Were you one of the people obsessed with Tonya and Nancy back in 1994? (I was actually in Detroit when it happened, and I never dreamed it would become as big as it did). Then read the rest of my review at "International Figure Skating Magazine":

Friday, July 17, 2015


What are the odds that two new TV sitcoms would premiere in the same summer, both of which feature the micro-issue of applying children to NYC’s ultra-competitive private schools as their underlying premise?

Now, I know a lot about applying children to NYC schools. I did it three times. I even wrote the book about how you can do it, too.

But I never thought I’d see a sitcom about it. Much less two. (Though, for the record, there have been several documentaries on the subject, including Getting In… Kindergarten and Nursery University, as well as two independent feature films, The Kindergarten Shuffle and The Best & the Brightest, the latter starring Neil Patrick Harris, no less.)

Nevertheless, both Bravo’s Odd Mom Out, which premiered on June 8, and The Jim Gaffigan Show, debuting Wednesday, July 15 on TV Land, each put NYC private school Kindergarten admissions front and center during their pilot episodes – and beyond.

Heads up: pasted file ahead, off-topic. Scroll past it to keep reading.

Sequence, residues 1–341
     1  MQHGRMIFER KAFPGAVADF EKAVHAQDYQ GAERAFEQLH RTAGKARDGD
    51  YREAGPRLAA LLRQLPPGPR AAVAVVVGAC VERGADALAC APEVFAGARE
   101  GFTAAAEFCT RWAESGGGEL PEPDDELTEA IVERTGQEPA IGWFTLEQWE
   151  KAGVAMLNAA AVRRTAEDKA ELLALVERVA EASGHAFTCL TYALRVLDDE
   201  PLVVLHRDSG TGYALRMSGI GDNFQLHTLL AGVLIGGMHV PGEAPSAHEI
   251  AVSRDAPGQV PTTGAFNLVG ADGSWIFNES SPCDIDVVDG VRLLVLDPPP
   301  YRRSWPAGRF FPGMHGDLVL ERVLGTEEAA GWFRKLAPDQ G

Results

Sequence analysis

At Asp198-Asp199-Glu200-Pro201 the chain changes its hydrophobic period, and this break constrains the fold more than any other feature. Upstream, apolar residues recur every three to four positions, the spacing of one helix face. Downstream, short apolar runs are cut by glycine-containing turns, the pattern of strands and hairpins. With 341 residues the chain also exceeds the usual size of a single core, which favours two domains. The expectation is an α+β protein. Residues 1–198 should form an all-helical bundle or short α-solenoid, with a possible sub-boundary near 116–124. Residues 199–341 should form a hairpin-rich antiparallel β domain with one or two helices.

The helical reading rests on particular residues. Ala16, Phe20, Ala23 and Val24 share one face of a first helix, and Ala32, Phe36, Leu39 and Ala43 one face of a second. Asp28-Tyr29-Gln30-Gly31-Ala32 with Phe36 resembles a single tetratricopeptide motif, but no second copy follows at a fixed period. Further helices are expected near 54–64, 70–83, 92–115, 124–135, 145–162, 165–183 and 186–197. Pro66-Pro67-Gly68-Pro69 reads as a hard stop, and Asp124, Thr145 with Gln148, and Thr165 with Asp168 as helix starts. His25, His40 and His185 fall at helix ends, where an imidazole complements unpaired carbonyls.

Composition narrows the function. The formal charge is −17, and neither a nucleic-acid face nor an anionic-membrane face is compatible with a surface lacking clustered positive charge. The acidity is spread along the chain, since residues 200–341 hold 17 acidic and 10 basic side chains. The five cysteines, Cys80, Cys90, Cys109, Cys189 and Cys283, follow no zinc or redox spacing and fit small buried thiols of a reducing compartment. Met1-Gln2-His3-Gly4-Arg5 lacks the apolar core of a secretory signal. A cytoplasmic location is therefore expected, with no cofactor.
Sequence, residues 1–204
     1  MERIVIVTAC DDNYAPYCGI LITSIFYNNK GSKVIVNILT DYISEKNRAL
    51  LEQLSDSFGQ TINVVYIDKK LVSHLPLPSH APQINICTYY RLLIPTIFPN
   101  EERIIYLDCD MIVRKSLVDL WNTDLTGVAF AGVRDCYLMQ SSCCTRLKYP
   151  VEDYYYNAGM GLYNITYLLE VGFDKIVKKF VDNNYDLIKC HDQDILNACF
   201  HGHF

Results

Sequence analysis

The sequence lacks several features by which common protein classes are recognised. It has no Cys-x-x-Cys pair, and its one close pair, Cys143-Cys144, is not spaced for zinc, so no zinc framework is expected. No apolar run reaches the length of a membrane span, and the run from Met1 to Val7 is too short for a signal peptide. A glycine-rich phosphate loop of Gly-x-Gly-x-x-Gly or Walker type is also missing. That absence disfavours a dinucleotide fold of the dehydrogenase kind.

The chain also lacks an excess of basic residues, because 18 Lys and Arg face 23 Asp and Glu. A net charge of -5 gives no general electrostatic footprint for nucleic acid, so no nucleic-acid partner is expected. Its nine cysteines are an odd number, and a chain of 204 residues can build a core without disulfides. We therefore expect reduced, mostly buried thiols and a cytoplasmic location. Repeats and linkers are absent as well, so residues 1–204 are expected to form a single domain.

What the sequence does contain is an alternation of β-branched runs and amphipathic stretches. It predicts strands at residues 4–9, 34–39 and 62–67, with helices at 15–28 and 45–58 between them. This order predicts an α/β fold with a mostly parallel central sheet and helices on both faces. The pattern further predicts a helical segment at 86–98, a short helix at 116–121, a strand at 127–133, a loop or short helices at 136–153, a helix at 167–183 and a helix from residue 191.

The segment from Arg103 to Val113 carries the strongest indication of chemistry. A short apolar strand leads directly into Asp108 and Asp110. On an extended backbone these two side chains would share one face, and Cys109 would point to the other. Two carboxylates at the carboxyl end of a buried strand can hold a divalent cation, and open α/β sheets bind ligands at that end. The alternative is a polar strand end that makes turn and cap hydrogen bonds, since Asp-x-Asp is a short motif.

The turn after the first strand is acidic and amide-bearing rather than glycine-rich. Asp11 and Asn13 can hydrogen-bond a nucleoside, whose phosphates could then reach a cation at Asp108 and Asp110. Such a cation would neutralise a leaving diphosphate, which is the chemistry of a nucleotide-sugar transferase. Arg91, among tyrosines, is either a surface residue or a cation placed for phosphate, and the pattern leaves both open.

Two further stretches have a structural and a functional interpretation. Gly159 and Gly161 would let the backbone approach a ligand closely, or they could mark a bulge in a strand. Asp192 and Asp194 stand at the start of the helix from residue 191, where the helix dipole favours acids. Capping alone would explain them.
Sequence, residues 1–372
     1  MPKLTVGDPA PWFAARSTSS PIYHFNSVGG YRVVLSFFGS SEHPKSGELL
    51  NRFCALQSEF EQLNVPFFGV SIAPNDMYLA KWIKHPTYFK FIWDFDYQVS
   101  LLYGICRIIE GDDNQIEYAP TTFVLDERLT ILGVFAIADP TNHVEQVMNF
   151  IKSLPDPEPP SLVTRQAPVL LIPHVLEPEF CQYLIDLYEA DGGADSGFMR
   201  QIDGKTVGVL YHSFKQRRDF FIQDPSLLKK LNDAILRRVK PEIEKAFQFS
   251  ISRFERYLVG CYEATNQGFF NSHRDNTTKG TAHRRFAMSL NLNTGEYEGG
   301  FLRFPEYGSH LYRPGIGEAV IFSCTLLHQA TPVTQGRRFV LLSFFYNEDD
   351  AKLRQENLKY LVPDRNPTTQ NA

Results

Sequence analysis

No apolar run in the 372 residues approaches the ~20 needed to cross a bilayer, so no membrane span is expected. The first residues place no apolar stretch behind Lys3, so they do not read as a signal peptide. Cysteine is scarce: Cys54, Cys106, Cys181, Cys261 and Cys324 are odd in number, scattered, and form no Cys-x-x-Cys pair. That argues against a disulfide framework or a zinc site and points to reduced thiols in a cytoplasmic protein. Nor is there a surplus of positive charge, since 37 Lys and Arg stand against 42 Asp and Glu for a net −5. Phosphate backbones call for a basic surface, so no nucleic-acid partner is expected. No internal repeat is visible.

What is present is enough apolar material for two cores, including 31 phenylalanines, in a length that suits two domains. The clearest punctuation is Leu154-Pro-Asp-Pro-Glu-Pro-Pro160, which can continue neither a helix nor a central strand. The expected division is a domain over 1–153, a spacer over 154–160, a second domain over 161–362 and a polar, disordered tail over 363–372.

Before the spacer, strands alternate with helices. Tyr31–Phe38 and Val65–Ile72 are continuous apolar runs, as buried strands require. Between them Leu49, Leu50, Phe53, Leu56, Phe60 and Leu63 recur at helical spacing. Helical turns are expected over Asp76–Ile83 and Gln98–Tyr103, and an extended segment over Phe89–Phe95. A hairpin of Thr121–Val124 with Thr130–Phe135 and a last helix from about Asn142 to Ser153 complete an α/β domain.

Besides the obvious mistakes (if writers put what kinds of hoops NYC parents really have to jump through in order to apply their kids to school – private or public, for that matter – no one watching at home would believe it), what struck me most was the different manner in which the parents’ efforts were judged.

How different were they? Find out in my BlogHer post:

Wednesday, July 08, 2015


“Those who fail to learn from history are doomed to repeat it.”

Except, it seems, on a soap-opera.

Last week, on General Hospital, Luke (Anthony Geary) asked Holly (Emma Samms) if she’d ever met his late cousin, Bill (also played by Geary from 1991 to 1993).

Holly said, “No.”

The Twitter-verse went mental.

Not only did Holly know Bill, but they had a romantic relationship, complete with the mandatory wacky adventure including art theft. Bill cheated on Holly, and when she walked in on him and another woman, Holly smashed all the precious wine bottles in Bill’s cellar and vowed revenge.

In other words, they’d met.

Read more at: